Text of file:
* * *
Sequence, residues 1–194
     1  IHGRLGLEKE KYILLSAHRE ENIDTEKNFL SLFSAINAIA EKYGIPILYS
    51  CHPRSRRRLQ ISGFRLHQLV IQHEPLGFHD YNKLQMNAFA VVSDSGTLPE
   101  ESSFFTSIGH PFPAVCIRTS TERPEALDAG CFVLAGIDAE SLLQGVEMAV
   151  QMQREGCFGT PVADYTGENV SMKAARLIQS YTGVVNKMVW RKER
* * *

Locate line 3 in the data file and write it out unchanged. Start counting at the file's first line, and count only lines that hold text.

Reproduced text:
    51  CHPRSRRRLQ ISGFRLHQLV IQHEPLGFHD YNKLQMNAFA VVSDSGTLPE